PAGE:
And still, in the back of her mind, there was the pear tree. It would be silver now, in the light of poor dear Eddie’s moon, silver as Miss Fulton, who sat there turning a tangerine in her slender fingers that were so pale a light seemed to come from them.
What she simply couldn’t make out – what was miraculous – was how she should have guessed Miss Fulton’s mood so exactly and so instantly. For she never doubted for a moment that she was right, and yet what had she to go on? Less than nothing.
“I believe this does happen very, very rarely between women. Never between men,” thought Bertha. “But while I am making the coffee in the drawing-room perhaps she will ‘give a sign’ “
What she meant by that she did not know, and what would happen after that she could not imagine.
While she thought like this she saw herself talking and laughing. She had to talk because of her desire to laugh.
“I must laugh or die.”
But when she noticed Face’s funny little habit of tucking something down the front of her bodice – as if she kept a tiny, secret hoard of nuts there, too – Bertha had to dig her nails into her hands – so as not to laugh too much.
It was over at last. And: “Come and see my new coffee machine,” said Bertha.
“We only have a new coffee machine once a fortnight,” said Harry. Face took her arm this time; Miss Fulton bent her head and followed after.
The fire had died down in the drawing-room to a red, flickering “nest of baby phoenixes,” said Face.
“Don’t turn up the light for a moment. It is so lovely.” And down she crouched by the fire again. She was always cold … “without her little red flannel jacket, of course,” thought Bertha.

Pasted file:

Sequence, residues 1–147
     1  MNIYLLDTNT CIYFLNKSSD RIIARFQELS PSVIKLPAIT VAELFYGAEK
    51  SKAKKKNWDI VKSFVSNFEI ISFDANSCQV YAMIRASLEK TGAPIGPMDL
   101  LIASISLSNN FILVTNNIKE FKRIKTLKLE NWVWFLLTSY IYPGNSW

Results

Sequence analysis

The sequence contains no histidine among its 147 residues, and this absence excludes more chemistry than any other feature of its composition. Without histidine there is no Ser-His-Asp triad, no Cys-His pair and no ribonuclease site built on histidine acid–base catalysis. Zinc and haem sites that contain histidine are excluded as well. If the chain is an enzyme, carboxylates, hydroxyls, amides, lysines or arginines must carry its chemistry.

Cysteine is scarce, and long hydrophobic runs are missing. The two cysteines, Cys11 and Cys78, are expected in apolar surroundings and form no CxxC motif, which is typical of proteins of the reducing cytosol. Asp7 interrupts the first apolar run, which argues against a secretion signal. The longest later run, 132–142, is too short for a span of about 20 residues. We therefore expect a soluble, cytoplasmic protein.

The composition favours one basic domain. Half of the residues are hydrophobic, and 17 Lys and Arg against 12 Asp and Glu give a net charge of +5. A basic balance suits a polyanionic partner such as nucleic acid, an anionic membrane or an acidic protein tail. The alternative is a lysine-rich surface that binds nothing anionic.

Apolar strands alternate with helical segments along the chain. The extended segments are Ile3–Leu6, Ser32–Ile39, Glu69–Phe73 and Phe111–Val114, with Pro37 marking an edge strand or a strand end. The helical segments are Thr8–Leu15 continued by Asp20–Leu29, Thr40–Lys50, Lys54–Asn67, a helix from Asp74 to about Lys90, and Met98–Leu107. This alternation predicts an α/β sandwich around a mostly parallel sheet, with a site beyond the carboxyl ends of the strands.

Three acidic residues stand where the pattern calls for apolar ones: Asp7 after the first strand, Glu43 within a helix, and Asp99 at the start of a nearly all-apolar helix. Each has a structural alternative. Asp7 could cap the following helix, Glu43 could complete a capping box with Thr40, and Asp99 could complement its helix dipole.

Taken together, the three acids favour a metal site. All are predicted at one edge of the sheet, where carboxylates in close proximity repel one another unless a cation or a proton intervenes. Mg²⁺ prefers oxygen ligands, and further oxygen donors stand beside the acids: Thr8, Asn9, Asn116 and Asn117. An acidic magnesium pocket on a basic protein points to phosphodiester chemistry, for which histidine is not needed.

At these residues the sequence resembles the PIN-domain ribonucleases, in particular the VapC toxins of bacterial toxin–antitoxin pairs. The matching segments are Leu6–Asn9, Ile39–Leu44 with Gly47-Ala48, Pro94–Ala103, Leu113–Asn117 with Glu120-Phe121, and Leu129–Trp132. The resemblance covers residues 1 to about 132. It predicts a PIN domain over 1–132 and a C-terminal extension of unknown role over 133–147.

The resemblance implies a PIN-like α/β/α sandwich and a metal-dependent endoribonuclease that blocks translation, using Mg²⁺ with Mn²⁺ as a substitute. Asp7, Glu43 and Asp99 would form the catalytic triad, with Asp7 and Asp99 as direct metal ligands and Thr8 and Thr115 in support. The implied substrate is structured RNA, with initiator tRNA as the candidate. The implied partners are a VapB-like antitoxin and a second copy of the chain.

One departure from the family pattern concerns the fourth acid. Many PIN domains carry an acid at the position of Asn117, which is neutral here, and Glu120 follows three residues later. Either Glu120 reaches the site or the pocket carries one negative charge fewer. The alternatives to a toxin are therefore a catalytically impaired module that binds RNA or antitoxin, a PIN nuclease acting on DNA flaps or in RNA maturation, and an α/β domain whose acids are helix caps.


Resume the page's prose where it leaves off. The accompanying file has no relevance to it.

< 12 >
At that moment Miss Fulton “gave the sign.”
“Have you a garden?” said the cool, sleepy voice.
This was so exquisite on her part that all Bertha could do was to obey. She crossed the room, pulled the curtains apart, and opened those long windows.
“There!” she breathed.
And the two women stood side by side looking at the slender, flowering tree. Although it was so still it seemed, like the flame of a candle, to stretch up, to point, to quiver in the bright air, to grow taller and taller as they gazed – almost to touch the rim of the round, silver moon.
How long did they stand there? Both, as it were, caught in that circle of unearthly light, understanding each other perfectly, creatures of another world, and wondering what they were to do in this one with all this blissful treasure that burned in their bosoms and dropped, in silver flowers, from their hair and hands?
For ever – for a moment? And did Miss Fulton murmur: “Yes. Just that.” Or did Bertha dream it?
Then the light was snapped on and Face made the coffee and Harry said: “My dear Mrs. Knight, don’t ask me about my baby. I never see her. I shan’t feel the slightest interest in her until she has a lover,” and Mug took his eye out of the conservatory for a moment and then put it under glass again and Eddie Warren drank his coffee and set down the cup with a face of anguish as though he had drunk and seen the spider.
“What I want to do is to give the young men a show. I believe London is simply teeming with first-chop, unwritten plays. What I want to say to ‘em is: ‘Here’s the theatre. Fire ahead.'”
“You know, my dear, I am going to decorate a room for the Jacob Nathans. Oh, I am so tempted to do a fried-fish scheme, with the backs of the chairs shaped like frying-pans and lovely chip potatoes embroidered all over the curtains.”…